The national anthem in sports

Spoiler: it wasn’t always this way

In America, the national anthem kicks off every NFL, MLB, NBA, MLS and NHL game featuring an American team, and it’s played before every NASCAR race.

The tradition runs deep and it’s easy to forget it wasn’t always this way.

Thearon W. Henderson/Getty Images

The national anthem was played at baseball games decades before “The Star Spangled Banner” was officially adopted as the anthem in 1931.

George Marks/Retrofile/Getty Images

At first, the anthem didn’t exactly come “free” — you had to hire a band.

Al Bello/Getty Images

Tech advances coupled with a swell of patriotism around WWI and WWII started to make the practice more widespread.

Frederick Breedon/Getty Images

After WWII, then-NFL commissioner Elmer Layden said, “The playing of the national anthem should be as much a part of every game as the kickoff.”

Adam Glanzman/Getty Images

The anthem thus became a game-day fixture, but players typically stayed in the locker room for it except for special games like the Super Bowl or after 9/11.”


It wasn’t until 2009 that players were mandated to be on the field for the song. And while the US Code says you should stand for the anthem, there’s no such rule in the NFL.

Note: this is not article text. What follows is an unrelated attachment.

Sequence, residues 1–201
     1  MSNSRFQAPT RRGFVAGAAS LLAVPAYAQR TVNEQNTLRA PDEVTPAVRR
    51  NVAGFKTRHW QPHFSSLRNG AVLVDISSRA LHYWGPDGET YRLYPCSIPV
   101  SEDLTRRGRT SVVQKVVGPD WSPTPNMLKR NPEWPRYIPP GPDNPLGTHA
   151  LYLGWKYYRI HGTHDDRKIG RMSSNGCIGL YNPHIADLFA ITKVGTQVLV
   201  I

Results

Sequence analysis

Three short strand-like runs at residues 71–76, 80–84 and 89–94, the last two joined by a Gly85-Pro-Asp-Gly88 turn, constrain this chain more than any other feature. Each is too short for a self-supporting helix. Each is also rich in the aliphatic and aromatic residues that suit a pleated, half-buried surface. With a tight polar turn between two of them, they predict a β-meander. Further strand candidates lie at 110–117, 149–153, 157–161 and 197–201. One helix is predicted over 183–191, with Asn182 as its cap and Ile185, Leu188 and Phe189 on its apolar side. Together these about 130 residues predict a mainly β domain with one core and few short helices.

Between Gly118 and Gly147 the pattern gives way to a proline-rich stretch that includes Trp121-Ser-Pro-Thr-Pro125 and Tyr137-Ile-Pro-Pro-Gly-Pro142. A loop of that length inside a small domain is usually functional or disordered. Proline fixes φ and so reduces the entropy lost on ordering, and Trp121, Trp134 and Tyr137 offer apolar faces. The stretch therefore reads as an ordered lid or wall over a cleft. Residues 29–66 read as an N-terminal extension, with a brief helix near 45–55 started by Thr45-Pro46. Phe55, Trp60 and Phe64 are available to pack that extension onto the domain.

Otto Greule Jr/Getty Images

But the NFL does have a rule on personal protests:

“players are prohibited from wearing, displaying, or otherwise conveying personal messages either in writing or illustration, unless such message has been approved in advance...”

Otto Greule Jr/Getty Images

Former 49ers quarterback Colin Kaepernick began the NFL anthem protests in 2016, saying he refused to “show pride in a flag for a country that oppresses black people and people of color.”

Ezra Shaw/Getty Images

After President Trump called for owners to fire any “son of a bitch” who “disrespected our flag,” players responded in a variety of ways, including kneeling, locking arms, and staying in the locker room for the anthem.

CNN Media

Between 2012 and 2015, the Department of Defense spent $6.8 million on “paid patriotism,” essentially paying teams for displays of national pride like flag ceremonies.

Justin K. Aller/Getty Images

But there’s nothing to suggest that NFL players were paid or coerced into participating in the anthem.

For now, the league will let teams decide what is best for them.

Matt York/AP